Jonah. Concordia Commentary
By R. Reed Lessing
). xlii + 451
Reviewed by Dr. Michael Grisanti
21.1 (Spring 2010) : 121-122
This author is professor of exegetical theology and director of the graduate school at Concordia Seminary in St. Louis. He also has extensive pastoral experience.
For an overview of the features shared by each of the commentaries in this series, see above the review of the volume on Joshua by Harstad. Lessing’s volume on Jonah is quite similar to the other Concordia Commentaries reviewed in this issue of MSJ. After a thorough introduction, Lessing devotes ca. 350 pages to his commentary proper. As with the other volumes in this series, he does not provide an outline of the entire book, but provides a basic outline of each major section (in this case, each chapter) of Jonah. At the outset of his treatment of each chapter, he provides a brief introduction to the chapter. He follows the basic format of all the volumes in this series by giving a translation, textual notes, and the commentary itself. His textual note section is lengthy and helpful. He also includes seven excurses scattered throughout the commentary that deal with important issues relevant to one’s understanding of Jonah: “Yahweh, the Creator God,” “Mission in the OT,” “the Sign of Jonah, “the Trinitarian Basis of OT Solidarity,” “Sheol,” “Death and Resurrection Motifs in Luther’s Baptismal Theology,” and “When Yahweh Changes a Prior Verdict.” With regard to the genre of Jonah, after summarizing numerous views on this issue, Lessing concludes that Jonah is narrative history and presents historical fact.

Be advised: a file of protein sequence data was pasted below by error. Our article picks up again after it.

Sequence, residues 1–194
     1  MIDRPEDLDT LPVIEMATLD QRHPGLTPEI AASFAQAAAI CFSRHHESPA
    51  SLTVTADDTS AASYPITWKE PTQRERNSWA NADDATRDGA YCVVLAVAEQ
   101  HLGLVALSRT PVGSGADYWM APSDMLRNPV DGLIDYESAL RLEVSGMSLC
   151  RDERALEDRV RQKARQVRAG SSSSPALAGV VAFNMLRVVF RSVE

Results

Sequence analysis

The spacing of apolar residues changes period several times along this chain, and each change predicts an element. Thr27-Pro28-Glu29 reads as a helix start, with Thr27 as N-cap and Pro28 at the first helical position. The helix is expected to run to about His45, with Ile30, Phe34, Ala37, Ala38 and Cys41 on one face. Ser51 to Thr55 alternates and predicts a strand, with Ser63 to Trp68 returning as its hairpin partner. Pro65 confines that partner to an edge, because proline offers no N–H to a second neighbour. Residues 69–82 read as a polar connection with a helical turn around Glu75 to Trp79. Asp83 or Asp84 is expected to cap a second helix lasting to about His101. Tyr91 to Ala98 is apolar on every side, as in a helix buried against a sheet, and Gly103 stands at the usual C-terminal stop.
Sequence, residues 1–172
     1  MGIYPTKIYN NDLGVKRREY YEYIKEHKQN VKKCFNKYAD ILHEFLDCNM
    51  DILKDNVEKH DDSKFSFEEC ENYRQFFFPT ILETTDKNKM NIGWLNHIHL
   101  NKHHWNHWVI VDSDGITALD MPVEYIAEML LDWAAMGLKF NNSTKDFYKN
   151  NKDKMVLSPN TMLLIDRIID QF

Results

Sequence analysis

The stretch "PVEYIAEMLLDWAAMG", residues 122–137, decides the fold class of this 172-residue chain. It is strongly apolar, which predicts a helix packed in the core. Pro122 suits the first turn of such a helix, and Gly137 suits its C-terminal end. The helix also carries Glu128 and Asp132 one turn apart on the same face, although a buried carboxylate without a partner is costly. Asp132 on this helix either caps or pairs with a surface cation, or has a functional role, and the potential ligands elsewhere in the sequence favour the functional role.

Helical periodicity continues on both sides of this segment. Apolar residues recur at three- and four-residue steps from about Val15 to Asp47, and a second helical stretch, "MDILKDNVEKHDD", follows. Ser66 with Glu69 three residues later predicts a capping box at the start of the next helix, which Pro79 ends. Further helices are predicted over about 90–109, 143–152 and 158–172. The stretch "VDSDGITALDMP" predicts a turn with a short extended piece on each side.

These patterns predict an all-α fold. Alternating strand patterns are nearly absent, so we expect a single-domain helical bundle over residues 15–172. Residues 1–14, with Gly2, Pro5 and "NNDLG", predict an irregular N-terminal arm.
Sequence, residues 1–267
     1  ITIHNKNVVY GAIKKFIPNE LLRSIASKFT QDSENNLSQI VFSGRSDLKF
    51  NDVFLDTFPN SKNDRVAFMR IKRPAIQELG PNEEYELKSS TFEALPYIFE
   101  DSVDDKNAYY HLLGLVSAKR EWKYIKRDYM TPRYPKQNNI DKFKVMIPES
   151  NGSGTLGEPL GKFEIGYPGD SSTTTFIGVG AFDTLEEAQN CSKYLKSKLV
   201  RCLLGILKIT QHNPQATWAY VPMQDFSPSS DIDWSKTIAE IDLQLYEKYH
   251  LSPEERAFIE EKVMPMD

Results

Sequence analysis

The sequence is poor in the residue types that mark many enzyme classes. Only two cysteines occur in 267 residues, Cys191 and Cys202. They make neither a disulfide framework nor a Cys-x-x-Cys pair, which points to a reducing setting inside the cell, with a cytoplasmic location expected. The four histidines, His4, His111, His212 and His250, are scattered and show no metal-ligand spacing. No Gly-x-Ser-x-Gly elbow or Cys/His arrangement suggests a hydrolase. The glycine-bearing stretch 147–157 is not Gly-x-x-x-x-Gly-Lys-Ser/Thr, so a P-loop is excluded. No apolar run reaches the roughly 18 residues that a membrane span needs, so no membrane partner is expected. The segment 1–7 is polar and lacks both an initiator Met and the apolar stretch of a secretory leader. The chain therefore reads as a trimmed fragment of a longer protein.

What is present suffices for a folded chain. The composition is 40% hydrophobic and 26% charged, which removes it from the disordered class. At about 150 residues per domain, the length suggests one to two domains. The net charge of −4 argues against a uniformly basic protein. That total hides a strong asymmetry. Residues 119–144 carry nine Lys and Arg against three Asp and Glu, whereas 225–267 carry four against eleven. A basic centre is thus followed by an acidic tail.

Observations offered by Lessing in his commentary include a description of the sailors who greatly feared Yahweh after he calmed the seas (1:16), Lessing suggests that the sailors came to know and believe in Yahweh as their God (139). Although they do recognize Yahweh’s sovereignty over the sea, it seems more likely that they added Yahweh to their collection of gods that they worshipped. Lessing also provides a nice summary of the major interpretations of “a walk of three days” (3:3b) (294-96). However, after delineating the most commonly held views and pointing out the weaknesses of each, he does not seem to come to a conclusion concerning which one is best. As part of his discussion of 4:11 and the “more than a hundred and twenty thousand people who cannot tell their right hand from their left,” Lessing also concludes that this is not talking about children but refers to Ninevites who are relatively ignorant of God and His Word (387-88, 411-12).
Of the four volumes of the Concordia Commentary series reviewed in this issue of MSJ, Lessing’s volume on Jonah offered this reviewer the most help with exegesis and exposition. Although the commentaries are quite large (10 inches tall and all over 400 pages of text), they are priced similar to smaller commentaries. Lessing’s volume on Jonah will provide its users numerous insights into the message of the prophet Jonah.